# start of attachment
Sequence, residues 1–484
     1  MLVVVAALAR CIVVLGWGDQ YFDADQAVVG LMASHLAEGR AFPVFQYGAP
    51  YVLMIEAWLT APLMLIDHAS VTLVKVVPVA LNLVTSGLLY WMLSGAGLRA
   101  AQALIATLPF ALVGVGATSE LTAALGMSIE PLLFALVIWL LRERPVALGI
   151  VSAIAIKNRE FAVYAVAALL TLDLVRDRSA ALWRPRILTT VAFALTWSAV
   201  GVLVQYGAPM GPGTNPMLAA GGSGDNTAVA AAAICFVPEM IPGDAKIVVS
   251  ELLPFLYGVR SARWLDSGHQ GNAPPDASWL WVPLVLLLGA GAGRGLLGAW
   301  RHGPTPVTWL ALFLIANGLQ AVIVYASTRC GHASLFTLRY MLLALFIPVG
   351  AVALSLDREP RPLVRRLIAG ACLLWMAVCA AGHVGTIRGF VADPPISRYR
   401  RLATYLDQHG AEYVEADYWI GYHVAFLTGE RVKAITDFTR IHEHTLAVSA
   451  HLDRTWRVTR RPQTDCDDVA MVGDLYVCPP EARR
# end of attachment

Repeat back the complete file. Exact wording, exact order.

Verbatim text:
Sequence, residues 1–484
     1  MLVVVAALAR CIVVLGWGDQ YFDADQAVVG LMASHLAEGR AFPVFQYGAP
    51  YVLMIEAWLT APLMLIDHAS VTLVKVVPVA LNLVTSGLLY WMLSGAGLRA
   101  AQALIATLPF ALVGVGATSE LTAALGMSIE PLLFALVIWL LRERPVALGI
   151  VSAIAIKNRE FAVYAVAALL TLDLVRDRSA ALWRPRILTT VAFALTWSAV
   201  GVLVQYGAPM GPGTNPMLAA GGSGDNTAVA AAAICFVPEM IPGDAKIVVS
   251  ELLPFLYGVR SARWLDSGHQ GNAPPDASWL WVPLVLLLGA GAGRGLLGAW
   301  RHGPTPVTWL ALFLIANGLQ AVIVYASTRC GHASLFTLRY MLLALFIPVG
   351  AVALSLDREP RPLVRRLIAG ACLLWMAVCA AGHVGTIRGF VADPPISRYR
   401  RLATYLDQHG AEYVEADYWI GYHVAFLTGE RVKAITDFTR IHEHTLAVSA
   451  HLDRTWRVTR RPQTDCDDVA MVGDLYVCPP EARR